The fans of Philadelphia have launched a quiet rebellion against our pro sports teams, and they are doing it with the biggest weapon in their arsenal — their wallets.
In fact, if the teams joined together for an ad campaign, the most accurate slogan they could roll out right now is: Good seats still available. Very simply, fans have finally grown weary of mounting losses and broken promises. They are disgusted with a playoff shutout by our winter teams, a horrific 4-12 season by the Eagles and now a sub-.500 start by the Phillies.
The biggest story in Philadelphia sports is not the Roy Halladay saga or Chip Kelly’s first public practices. It is what happened at the box office last Thursday, when the Eagles put single-game tickets on sale, and — for the first time in more than a decade — had them available the next day, and the day after that, and even now. That’s right. You can buy tickets to an Eagles game right now.
For a team that had a waiting list for season tickets of 50,000 just a few years ago, this sudden turn of events came as a surprise to everyone, including the Eagles. Their decision to raise ticket prices after a 4-12 season reflected an arrogant belief that the fans would answer the call, regardless of the quality of the product. Welcome to the real world, Jeff Lurie.
Equally clear now is the fact that this Eagles ticket issue is not an isolated case in Philadelphia. Remember, Sixers tickets were selling for as low as four cents on the secondary market during the Andrew Bynum fiasco, and even Flyers tickets — always the least vulnerable to fan dissatisfaction — were available for a small fraction of their face value in the final month of a terrible season.
Then there are the Phillies. Somehow, in a single year, the Phils went from selling 44,021 tickets a game to 37,321. Last year at this time, you could not buy a Phillies ticket on the primary market. Today, you can sit behind home plate.
Why are the fans rebelling? Well, the obvious answer is that the teams are all pretty awful right now. They aren’t worth the money. But it goes beyond that. Fans are tired of watching players like Jimmy Rollins not run hard, they are fed up with ticket hikes by billionaires like Lurie and they have been insulted one time too many by bums like Bynum.
The fans have had enough. They aren’t buying tickets the way they have been, and they won’t reach back into their wallets until the teams fix what they broke. And what the teams broke is the trust of their fans.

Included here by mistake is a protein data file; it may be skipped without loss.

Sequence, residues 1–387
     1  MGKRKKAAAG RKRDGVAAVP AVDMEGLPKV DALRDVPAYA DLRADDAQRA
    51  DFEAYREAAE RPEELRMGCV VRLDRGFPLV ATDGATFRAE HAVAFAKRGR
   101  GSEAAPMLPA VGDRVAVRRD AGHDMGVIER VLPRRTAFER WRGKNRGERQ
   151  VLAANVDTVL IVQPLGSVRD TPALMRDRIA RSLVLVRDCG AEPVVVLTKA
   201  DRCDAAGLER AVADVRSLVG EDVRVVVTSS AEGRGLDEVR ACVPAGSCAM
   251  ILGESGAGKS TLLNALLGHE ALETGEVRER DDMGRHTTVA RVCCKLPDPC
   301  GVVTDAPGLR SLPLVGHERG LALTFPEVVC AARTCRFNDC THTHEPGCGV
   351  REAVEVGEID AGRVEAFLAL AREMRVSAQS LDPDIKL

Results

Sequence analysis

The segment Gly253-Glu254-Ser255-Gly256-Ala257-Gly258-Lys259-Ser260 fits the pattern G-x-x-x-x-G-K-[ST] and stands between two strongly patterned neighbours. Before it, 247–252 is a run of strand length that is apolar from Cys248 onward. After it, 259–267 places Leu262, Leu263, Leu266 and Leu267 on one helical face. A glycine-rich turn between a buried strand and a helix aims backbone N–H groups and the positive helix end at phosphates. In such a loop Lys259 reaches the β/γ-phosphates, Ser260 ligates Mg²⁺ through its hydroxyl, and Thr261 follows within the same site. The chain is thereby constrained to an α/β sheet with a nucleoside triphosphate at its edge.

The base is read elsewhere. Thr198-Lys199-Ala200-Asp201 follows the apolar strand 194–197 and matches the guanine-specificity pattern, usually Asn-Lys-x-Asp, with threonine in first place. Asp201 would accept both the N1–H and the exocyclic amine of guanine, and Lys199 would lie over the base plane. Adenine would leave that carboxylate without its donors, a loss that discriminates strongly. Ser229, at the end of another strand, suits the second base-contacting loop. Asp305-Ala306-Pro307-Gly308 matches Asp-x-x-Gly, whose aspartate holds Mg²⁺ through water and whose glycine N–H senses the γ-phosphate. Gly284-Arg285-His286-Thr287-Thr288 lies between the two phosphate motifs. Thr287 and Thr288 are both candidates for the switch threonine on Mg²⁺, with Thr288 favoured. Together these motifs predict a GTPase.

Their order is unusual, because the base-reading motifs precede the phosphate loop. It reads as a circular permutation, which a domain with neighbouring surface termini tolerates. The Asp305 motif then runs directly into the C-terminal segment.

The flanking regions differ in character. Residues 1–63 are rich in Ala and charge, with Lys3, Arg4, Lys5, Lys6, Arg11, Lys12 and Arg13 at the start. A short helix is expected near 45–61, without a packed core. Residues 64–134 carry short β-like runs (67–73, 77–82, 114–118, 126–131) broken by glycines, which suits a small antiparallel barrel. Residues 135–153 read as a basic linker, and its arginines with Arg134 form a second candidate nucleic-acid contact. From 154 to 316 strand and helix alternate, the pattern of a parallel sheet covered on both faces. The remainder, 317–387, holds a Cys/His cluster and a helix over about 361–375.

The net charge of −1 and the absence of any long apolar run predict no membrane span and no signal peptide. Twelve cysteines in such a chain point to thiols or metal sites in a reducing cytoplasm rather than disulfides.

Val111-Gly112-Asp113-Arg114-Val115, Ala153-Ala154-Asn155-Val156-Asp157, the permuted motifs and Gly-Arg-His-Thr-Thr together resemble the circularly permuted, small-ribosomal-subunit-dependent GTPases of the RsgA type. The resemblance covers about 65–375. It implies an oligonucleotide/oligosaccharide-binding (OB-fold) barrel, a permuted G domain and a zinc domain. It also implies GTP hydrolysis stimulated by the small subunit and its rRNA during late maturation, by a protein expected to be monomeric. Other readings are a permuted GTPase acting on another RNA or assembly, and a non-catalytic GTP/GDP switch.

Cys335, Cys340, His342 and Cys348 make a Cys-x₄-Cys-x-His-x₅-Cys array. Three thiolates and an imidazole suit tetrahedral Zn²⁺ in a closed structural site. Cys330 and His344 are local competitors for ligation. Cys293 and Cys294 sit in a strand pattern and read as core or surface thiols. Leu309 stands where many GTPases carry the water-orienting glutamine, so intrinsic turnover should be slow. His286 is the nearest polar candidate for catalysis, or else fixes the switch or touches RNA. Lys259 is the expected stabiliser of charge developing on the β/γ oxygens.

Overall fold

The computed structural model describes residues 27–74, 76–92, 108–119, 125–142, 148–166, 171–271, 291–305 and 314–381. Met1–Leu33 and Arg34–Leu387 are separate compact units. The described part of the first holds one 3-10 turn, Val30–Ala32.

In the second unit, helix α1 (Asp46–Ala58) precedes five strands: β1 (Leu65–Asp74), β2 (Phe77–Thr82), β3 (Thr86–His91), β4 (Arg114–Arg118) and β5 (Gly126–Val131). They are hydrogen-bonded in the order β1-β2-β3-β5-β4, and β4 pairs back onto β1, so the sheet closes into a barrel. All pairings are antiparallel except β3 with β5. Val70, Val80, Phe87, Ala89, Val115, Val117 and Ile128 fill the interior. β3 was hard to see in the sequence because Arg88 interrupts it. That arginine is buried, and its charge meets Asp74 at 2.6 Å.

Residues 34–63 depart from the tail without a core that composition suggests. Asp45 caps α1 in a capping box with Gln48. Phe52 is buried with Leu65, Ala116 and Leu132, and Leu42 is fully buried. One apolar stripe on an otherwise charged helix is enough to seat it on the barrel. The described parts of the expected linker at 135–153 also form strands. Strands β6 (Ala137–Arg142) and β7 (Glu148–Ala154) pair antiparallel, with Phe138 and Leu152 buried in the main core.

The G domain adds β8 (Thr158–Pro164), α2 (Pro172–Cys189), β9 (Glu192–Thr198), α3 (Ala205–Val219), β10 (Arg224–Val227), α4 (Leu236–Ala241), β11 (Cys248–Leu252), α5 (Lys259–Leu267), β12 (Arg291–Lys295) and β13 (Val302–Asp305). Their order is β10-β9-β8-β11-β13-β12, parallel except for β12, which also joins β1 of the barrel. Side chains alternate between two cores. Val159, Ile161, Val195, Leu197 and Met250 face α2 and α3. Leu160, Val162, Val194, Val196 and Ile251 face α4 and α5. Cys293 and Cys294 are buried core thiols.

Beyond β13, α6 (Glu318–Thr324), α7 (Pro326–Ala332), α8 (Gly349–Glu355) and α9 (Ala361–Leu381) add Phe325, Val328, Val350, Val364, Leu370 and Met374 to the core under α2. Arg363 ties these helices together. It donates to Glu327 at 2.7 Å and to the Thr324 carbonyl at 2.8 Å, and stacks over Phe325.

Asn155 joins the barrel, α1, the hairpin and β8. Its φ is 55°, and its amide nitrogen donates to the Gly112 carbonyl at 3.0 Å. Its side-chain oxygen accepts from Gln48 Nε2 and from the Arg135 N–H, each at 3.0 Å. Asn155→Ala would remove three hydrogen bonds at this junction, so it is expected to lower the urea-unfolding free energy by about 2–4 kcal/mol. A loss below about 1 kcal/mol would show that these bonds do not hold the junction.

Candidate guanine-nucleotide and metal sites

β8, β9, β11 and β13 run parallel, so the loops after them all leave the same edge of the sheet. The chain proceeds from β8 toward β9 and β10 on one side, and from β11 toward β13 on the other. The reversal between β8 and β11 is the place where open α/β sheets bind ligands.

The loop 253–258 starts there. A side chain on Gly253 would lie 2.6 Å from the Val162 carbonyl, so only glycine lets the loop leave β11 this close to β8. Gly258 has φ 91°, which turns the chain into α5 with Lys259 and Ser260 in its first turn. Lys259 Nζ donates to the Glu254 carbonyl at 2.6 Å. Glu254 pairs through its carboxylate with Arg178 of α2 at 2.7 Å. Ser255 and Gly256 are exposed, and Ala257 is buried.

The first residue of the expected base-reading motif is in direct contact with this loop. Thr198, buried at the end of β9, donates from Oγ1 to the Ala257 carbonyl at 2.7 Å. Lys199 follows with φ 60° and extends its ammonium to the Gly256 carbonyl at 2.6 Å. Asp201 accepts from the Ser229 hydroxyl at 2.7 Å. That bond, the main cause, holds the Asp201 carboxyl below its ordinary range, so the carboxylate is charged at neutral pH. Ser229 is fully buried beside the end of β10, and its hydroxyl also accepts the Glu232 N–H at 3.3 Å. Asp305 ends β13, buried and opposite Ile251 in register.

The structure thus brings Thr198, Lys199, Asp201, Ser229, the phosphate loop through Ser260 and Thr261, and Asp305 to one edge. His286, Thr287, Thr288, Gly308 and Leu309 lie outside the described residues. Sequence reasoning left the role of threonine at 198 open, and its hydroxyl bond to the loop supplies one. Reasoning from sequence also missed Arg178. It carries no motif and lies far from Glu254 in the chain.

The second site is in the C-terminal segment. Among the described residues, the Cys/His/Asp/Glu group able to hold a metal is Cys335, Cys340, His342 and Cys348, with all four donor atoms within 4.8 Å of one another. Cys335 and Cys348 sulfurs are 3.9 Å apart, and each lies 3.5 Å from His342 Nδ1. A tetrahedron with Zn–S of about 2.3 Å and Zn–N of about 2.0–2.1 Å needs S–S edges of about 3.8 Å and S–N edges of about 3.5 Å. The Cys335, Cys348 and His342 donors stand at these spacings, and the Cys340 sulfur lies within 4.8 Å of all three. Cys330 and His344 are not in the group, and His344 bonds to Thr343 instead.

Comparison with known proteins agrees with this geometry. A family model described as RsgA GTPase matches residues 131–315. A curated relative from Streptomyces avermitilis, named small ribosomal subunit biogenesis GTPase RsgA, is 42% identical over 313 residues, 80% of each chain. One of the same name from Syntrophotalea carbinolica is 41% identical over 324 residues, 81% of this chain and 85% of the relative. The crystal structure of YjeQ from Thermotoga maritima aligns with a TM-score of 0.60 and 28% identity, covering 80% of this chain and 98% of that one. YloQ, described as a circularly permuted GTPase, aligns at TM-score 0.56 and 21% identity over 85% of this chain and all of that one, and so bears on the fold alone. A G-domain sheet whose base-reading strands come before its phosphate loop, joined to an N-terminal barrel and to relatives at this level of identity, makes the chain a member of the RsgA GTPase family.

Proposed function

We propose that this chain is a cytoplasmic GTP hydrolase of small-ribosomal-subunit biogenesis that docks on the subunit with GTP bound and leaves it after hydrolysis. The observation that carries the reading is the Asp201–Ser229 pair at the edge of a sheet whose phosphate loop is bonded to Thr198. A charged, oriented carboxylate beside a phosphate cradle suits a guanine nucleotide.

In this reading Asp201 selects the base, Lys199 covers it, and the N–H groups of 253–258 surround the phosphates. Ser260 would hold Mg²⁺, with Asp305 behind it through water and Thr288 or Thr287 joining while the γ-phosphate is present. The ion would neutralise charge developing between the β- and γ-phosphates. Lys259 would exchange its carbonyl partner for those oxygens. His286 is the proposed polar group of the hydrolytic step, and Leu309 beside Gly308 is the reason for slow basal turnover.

Sixers finally get something right
The Sixers finally took a positive step last week when they reportedly hired Sam Hinkie — that move will become official Tuesday at a 4:15 p.m. press conference — to become the face of their lost sports franchise. I know almost nothing about the former Houston Rockets executive, but I can say with great confidence that he will be a major upgrade as GM. The truth is, a sea otter would be a major upgrade.
Hinkie subscribes to what owner Joshua Harris calls “analytics,” which sounds a lot like an NBA version of Moneyball. Through the study of sophisticated statistical models, Hinkie plans to rebuild a team that hasn’t interested Philadelphia since 2002. The good news here is that Sam Hinkie actually has a plan. At this point, any plan would do.
And the better news is that Tony DiLeo has left an organization that he put to sleep for most of the past decade: as an assistant GM, a coach and GM. After DiLeo’s snoozefest, Hinkie can win huge public acclaim immediately by announcing that Andrew Bynum will never play for the Sixers.
As for the rest of the roster, Hinkie should set aside Jrue Holiday and Thaddeus Young, then fumigate these hopeless underachievers. With a player option at $3 million next season, Kwame Brown’s permanent spot on the bench should be declared a toxic-waste site.
As for Spencer Hawes, soft center tweeted after Hinkie was hired “Hate, Hate, Hate” and then made an idiotic remark about statistics that was aimed right at the new GM. Well, at least a Sixer has actually exceeded our expectations. Hawes is even dumber than we thought. Good riddance to you, Spencer — and to most of your loser teammates, too.
More apologies, please
Roy Halladay issued an apology last week to Phillies fans for his horrible pitching this season. Good for him. After lying for months about the condition of his aging, sore pitching shoulder, he owed us some expression of accountability.
Now, while they’re at it, how about some more acts of contrition? At the top of the list is GM Ruben Amaro, Jr., who actually said — it’s on tape — that he was OK with Halladay hiding his sore shoulder for two weeks while the Phils absorbed two straight 14-2 losses with the former ace on the mound.
Next in line is Rich Dubee, the dour pitching coach, who has refused to discuss Halladay’s pitching (or arm condition) because he didn’t like the tone of questions being asked when Halladay was getting crushed early in the season. Dubee is a bad pitching coach with a worse attitude. He needs to apologize for being such a black cloud over the organization.
Of course, no expression of regret over this Halladay mess will be complete without a few well-chosen words from manager Charlie Manuel, who gets paid $4 million a year to let his players manage themselves. The skipper allowed Halladay to pitch with a sore arm at the end of last season — ever wonder what kind of damage that caused? — and was still ready to send him back out there until Halladay fessed up.
That noise you heard when Halladay’s arm problem became official last week was the slamming shut of an era of prosperity unrivaled in Phillies history. They are not going to find their way back from this nightmare of a season. Deep down, we all know that now. What they can do is show some dignity in these difficult times. At least Halladay started that process with his apology last week.
Idle thoughts from Cataldi